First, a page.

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Militants Sweep Through Iraq's North, Mobilizing Exodus Of Refugees

After a week of fighting and conflicting accounts, militants with the Islamic State have reportedly captured Iraq's largest dam. The development spells danger for much of Iraq's civilian population.
NPR

With Gazans' Eyes On Cairo, Hamas Hopes For Leverage

War's toll on Gaza has been brutal, claiming civilians' lives and leveling buildings. But Hamas and many Gazans say the conflict was necessary, because they had run out of options in negotiating. If Palestinians come away with concessions after peace talks in Egypt, many think the damage will all have been worthwhile.
NPR

Khmer Rouge Convictions Offer Small Solace For Cambodian Victims

The Khmer Rouge terrified Cambodia when the group ruled the country in the 1970s. On Thursday, the two most senior surviving leaders of the regime received life sentences for crimes against humanity.
NPR

U.S. Considers Taking To Air To Aid Iraqis Marooned On Mountaintop

The White House is considering several military options to address an emergency humanitarian crisis in northern Iraq. The administration may approve either air strikes or airdrops of food and medicine to help tens of thousands of refugees stranded on a mountaintop.
NPR

Iraq's Widening War Imperils A Religious Minority

The Yazidis are an ancient religious sect concentrated in a remote corner of Iraq. They've been thrust into the spotlight of Iraq's nasty conflict, with thousands taking refuge in barren mountains.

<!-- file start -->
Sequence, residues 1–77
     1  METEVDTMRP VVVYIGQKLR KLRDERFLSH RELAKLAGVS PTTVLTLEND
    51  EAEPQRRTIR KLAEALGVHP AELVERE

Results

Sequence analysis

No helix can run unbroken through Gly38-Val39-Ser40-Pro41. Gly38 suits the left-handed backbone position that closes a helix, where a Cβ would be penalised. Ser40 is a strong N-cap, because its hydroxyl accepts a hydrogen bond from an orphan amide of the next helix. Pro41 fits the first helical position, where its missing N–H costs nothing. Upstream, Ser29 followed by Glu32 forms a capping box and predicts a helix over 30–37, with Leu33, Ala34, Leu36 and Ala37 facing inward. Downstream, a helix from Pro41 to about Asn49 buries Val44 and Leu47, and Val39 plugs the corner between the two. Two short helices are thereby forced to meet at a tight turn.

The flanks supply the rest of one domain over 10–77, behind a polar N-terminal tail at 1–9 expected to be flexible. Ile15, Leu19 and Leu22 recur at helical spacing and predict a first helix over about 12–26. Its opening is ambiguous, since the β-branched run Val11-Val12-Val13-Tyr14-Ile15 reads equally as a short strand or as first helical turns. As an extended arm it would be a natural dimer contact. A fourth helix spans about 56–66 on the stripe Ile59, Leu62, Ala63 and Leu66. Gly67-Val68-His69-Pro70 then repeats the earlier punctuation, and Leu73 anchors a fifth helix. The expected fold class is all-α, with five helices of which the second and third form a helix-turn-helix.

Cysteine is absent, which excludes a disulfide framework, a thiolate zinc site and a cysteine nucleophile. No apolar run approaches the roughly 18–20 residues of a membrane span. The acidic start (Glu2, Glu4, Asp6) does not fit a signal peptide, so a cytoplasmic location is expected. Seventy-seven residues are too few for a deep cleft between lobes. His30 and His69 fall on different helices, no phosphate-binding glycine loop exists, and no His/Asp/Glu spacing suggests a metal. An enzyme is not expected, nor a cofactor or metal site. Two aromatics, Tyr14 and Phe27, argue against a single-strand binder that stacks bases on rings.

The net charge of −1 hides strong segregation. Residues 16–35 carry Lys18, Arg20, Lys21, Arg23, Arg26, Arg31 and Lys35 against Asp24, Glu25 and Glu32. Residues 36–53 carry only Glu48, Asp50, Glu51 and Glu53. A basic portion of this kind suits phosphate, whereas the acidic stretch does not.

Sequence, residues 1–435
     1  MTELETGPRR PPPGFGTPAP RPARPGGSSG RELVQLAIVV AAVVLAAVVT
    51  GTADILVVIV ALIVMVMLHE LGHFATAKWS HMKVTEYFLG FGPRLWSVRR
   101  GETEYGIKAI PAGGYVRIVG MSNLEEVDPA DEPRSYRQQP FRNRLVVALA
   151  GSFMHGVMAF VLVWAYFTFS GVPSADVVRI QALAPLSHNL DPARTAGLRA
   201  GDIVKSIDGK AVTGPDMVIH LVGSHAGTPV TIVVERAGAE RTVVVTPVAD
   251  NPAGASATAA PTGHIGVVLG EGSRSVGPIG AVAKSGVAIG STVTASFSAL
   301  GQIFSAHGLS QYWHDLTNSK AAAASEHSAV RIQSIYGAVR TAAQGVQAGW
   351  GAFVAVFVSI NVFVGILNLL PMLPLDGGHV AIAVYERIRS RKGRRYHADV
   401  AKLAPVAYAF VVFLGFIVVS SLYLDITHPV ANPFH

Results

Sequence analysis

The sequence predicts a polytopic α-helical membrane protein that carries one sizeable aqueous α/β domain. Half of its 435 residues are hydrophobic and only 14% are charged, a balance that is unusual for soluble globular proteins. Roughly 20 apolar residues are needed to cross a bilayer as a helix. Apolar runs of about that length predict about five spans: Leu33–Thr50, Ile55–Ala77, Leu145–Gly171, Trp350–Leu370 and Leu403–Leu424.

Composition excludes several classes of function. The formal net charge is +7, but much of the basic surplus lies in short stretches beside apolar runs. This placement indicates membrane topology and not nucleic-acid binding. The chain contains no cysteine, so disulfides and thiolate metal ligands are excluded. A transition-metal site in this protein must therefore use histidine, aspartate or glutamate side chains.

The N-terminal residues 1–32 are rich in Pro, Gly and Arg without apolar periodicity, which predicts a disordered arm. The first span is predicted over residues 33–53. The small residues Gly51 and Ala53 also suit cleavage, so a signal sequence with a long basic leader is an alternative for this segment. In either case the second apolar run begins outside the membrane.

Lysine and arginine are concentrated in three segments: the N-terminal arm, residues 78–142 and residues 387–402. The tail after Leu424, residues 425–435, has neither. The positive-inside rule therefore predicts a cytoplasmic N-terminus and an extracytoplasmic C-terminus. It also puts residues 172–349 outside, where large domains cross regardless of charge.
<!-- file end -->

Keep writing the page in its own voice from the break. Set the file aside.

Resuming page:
NPR

Young, Idealistic And Transsexual: Speaking Out In Africa

Tampose Mapotheng was born a girl but now lives as a man — a difficult choice in Lesotho. He's spent the summer in the U.S., learning to be a more effective advocate for the LGBTI community.
NPR

The Murky Motives Of The Afghan Soldier Who Shot A U.S. General

The soldier resented the Taliban, according to fellow soldiers. But he was apparently upset that male British troops were training female Afghan soldiers, they say.
NPR

Italy Unexpectedly Slips Into Recession

The move raises concerns about the health of the European economy overall. This is the third time the third-largest economy in the European Union has been in recession since 2008.
NPR

Russia Ban Threatens U.S., European Agriculture Products

Following Western sanctions, Russia has ordered a ban or limits on some imports from the U.S. and Europe. David Greene talks to Kathrin Hille, the Moscow bureau chief for the Financial Times.
NPR

Grandmother Finds Grandson, Abducted In Argentina's Dirty War

Estela de Carlotto's grandson was taken as a baby when her daughter was a political prisoner in the 1970s. NPR's David Greene talks to writer Francisco Goldman, who has chronicled her struggle.

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